It’s been a LONG time brain-gut lovers. We were knee deep in snow last time I posted, and have now emerged into sunshine! Summer means ice cream, relaxation, and more time for blogging, so expect to be hearing more from me.
As a welcome back to the blogging life, today we are going to hear the science story of a brain-gut researcher from the great state of Illinois – grad student Katherine Durham-Maki – whom I met during a recent workshop for microbiome bioinformatics – QIIME2.
Tell us about yourself
Hey there, my name is Katherine Durham-Maki and I am a third-year PhD student at University of Illinois at Chicago (UIC) working with Dr. Anne Fink. I study at the Center for Narcolepsy and Sleep Research in the College of Nursing. I also work as a cardiac electrophysiology nurse practitioner at the Jesse Brown Veterans Affairs (VA) Medical Center, which is conveniently across the street. I enjoy the opportunity to connect clinical care with bench science as questions and issues that arise in the clinic provide continuous inspiration!
How did you come to the study of poop?
It was actually a bit unexpected; I had a long-time interest in epigenetics and how the environment affects DNA expression in the pathogenesis and mechanisms of disease. I had been reviewing the literature looking for connections between shift work and blood pressure and came across previous research looking at the influence of the microbiome on extra-intestinal disease. The director of the DNA services here UIC, Dr. Stefan Green, is especially interested in the microbiome and works with several groups focusing on circadian derangement and the beautiful bacteria of the gut. The pieces started to fit together, and as I dove deeper in the literature I became hooked! As I work on the bioinformatics and analysis of my (very) preliminary data that informed the sampling times for my dissertation, I am overwhelmed, amazed and excited for the multitude of information that comes from the microbiota. Luckily, I somehow convinced Dr. Green to serve as a member of my dissertation committee, and so he has been a great resource as I navigate this area of research.
How long have you been working in the field?
I am basically the definition of a novice in this field, but I am loving how I learn more every day. As a cardiology nurse practitioner at the VA I have been interested in the cardiovascular health of veterans for a long time. My brother is currently in the military service on active duty and happens to work night shift so when I read about increased cardiovascular risk and increased blood pressure with shift workers, I wanted to study a possible mediator that may be targeted in the future. More and more evidence points to the microbiome as a system that is synergistic with the cardiovascular system. A number of studies have shown that gut changes occur before blood pressure changes in genetically modified hypertensive rats, and that the hypertensive phenotype can be transferred to other animals via Fecal Microbiome Transplantation (FMT). I am very early in my investigative process, but I truly believe there is so much discovery potential now through increased accessibility of high throughput sequencing and analysis methods.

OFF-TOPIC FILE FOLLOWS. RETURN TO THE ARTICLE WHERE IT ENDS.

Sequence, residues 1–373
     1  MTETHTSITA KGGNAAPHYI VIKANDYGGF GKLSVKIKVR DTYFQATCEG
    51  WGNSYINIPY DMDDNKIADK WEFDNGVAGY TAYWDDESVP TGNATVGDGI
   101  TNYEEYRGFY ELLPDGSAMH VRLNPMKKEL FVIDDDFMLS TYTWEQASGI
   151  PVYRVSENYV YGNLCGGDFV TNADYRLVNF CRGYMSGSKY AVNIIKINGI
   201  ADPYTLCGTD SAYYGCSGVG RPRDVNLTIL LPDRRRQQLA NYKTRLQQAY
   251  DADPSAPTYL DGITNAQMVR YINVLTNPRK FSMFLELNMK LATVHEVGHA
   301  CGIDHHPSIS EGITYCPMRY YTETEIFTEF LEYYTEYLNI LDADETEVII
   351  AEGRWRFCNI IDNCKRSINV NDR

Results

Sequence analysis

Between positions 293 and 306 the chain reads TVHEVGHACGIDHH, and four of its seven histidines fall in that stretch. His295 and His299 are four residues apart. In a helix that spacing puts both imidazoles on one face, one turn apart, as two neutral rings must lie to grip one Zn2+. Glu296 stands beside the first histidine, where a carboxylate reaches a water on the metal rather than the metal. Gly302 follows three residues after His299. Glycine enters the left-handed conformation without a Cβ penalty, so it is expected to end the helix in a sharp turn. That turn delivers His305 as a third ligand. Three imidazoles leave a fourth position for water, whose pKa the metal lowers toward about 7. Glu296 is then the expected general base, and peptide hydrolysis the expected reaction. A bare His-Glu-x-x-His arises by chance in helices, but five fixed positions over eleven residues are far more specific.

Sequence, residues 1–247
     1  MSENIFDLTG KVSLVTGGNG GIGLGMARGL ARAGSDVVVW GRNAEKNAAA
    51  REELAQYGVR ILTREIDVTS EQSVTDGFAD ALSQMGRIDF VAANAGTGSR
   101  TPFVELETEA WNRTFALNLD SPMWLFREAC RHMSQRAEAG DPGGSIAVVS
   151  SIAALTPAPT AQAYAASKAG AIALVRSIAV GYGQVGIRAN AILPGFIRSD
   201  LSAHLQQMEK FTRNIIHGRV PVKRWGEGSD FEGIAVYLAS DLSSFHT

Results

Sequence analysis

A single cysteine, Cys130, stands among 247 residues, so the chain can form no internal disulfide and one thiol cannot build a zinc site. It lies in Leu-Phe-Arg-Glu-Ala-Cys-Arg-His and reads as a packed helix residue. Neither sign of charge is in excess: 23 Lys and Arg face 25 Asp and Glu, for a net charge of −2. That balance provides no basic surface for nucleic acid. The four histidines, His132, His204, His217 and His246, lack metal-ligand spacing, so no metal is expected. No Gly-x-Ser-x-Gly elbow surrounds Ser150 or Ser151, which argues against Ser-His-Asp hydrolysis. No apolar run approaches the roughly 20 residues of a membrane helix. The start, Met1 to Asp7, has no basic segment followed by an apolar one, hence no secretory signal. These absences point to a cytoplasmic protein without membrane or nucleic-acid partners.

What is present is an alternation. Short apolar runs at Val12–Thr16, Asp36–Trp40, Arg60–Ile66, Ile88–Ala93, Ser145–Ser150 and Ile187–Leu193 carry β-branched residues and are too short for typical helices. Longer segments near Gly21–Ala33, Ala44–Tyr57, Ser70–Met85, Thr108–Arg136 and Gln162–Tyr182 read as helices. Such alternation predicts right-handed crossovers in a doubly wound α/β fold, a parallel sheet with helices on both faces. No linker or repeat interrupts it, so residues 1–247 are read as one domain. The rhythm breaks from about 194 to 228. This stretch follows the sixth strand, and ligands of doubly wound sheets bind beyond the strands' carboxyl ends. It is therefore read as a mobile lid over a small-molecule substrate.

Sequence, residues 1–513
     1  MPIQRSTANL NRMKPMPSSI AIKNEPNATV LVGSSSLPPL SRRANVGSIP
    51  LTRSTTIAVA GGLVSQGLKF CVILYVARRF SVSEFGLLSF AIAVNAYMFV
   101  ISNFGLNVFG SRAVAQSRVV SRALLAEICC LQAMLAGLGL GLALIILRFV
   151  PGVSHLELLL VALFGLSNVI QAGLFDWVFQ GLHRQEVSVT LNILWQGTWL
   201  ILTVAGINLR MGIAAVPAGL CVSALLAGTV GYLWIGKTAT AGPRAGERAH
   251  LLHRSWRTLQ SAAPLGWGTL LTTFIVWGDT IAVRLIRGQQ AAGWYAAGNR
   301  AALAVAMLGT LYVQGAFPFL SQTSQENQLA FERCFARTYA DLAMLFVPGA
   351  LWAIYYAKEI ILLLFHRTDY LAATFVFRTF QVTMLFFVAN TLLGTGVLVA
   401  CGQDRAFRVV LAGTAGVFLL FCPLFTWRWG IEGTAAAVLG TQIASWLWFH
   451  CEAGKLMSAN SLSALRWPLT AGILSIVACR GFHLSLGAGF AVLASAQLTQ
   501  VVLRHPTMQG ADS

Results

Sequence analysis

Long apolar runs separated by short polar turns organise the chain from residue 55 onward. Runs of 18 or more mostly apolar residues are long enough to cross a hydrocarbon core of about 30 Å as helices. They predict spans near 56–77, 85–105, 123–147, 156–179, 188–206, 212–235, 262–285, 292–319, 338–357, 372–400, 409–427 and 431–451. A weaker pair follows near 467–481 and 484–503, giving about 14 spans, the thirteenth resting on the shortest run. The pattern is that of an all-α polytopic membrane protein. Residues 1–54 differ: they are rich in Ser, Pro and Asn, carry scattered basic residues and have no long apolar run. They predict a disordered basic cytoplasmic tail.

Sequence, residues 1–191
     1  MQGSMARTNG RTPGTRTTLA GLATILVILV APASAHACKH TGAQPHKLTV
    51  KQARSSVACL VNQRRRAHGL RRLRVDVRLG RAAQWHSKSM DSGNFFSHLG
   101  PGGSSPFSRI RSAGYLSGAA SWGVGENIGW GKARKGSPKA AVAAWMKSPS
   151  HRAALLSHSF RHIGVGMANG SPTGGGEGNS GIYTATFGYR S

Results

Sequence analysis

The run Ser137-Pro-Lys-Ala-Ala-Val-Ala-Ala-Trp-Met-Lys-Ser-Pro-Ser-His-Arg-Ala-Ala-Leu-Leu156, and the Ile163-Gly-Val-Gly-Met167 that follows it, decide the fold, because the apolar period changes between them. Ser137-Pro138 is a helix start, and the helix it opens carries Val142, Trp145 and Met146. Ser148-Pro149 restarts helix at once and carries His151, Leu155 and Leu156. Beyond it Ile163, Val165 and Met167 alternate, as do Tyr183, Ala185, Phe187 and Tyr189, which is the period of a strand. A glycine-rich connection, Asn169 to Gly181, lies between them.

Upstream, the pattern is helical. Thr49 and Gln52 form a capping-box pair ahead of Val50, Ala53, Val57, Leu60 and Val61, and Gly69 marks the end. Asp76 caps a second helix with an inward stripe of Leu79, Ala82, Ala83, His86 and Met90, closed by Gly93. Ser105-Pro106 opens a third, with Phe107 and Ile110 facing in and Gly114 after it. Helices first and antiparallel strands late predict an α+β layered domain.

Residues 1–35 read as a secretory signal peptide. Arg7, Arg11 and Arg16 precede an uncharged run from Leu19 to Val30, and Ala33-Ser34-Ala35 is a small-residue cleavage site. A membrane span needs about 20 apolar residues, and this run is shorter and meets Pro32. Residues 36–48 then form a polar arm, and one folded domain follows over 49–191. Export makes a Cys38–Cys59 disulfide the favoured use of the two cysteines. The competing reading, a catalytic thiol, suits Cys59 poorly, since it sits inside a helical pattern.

Tell us about your poop study
As I mentioned previously, I am very interested in the active duty and veteran military population. Sleep is chronically fragmented during deployment as a result of extended/rotating-schedule assignments and because of light exposure during rest periods. These factors dysregulate circadian rhythms and can potentially cause altered sleep architecture during recovery sleep (sleep after the shift work period). My advisor has previously shown in rat models where sleep is fragmented, that blood pressure increases significantly. My dissertation research focuses on two hypotheses, in rats: (1) that the duration of sleep fragmentation correlates with pathological alterations in the gut microbiome topography, (2) that specific microbiome changes correlate with increased blood pressure. I hope to someday grow this research to the study of non-pharmacologic interventions that can be used during deployments that reduce acute and chronic effects of sleep fragmentation on cardiovascular health. As I am just starting my data collection, I don’t know exactly where this work will lead, but that is why science is exciting!
Who are some researchers that really inspire you?